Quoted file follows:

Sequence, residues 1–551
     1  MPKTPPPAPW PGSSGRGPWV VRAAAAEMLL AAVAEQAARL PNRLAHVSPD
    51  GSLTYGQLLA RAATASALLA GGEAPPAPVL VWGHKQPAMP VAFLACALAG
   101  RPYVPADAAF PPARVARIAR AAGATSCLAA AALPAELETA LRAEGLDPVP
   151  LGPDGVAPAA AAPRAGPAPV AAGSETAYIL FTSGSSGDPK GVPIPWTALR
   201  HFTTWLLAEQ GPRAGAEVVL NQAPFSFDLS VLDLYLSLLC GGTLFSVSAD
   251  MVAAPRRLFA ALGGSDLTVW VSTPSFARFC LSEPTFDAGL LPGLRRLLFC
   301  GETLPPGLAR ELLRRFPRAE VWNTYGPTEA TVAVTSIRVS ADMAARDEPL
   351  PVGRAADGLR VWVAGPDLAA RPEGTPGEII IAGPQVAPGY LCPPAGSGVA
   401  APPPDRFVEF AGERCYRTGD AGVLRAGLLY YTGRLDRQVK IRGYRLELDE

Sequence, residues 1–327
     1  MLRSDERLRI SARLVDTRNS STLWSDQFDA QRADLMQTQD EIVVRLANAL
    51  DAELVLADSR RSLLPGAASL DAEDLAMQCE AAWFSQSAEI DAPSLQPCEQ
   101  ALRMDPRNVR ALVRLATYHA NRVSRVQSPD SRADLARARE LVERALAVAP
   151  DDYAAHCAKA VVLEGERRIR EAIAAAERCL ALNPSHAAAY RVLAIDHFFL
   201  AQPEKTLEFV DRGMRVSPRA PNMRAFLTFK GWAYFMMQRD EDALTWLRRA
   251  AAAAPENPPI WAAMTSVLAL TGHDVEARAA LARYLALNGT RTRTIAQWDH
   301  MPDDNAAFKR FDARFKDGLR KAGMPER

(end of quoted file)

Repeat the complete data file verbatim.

Sequence, residues 1–551
     1  MPKTPPPAPW PGSSGRGPWV VRAAAAEMLL AAVAEQAARL PNRLAHVSPD
    51  GSLTYGQLLA RAATASALLA GGEAPPAPVL VWGHKQPAMP VAFLACALAG
   101  RPYVPADAAF PPARVARIAR AAGATSCLAA AALPAELETA LRAEGLDPVP
   151  LGPDGVAPAA AAPRAGPAPV AAGSETAYIL FTSGSSGDPK GVPIPWTALR
   201  HFTTWLLAEQ GPRAGAEVVL NQAPFSFDLS VLDLYLSLLC GGTLFSVSAD
   251  MVAAPRRLFA ALGGSDLTVW VSTPSFARFC LSEPTFDAGL LPGLRRLLFC
   301  GETLPPGLAR ELLRRFPRAE VWNTYGPTEA TVAVTSIRVS ADMAARDEPL
   351  PVGRAADGLR VWVAGPDLAA RPEGTPGEII IAGPQVAPGY LCPPAGSGVA
   401  APPPDRFVEF AGERCYRTGD AGVLRAGLLY YTGRLDRQVK IRGYRLELDE

Sequence, residues 1–327
     1  MLRSDERLRI SARLVDTRNS STLWSDQFDA QRADLMQTQD EIVVRLANAL
    51  DAELVLADSR RSLLPGAASL DAEDLAMQCE AAWFSQSAEI DAPSLQPCEQ
   101  ALRMDPRNVR ALVRLATYHA NRVSRVQSPD SRADLARARE LVERALAVAP
   151  DDYAAHCAKA VVLEGERRIR EAIAAAERCL ALNPSHAAAY RVLAIDHFFL
   201  AQPEKTLEFV DRGMRVSPRA PNMRAFLTFK GWAYFMMQRD EDALTWLRRA
   251  AAAAPENPPI WAAMTSVLAL TGHDVEARAA LARYLALNGT RTRTIAQWDH
   301  MPDDNAAFKR FDARFKDGLR KAGMPER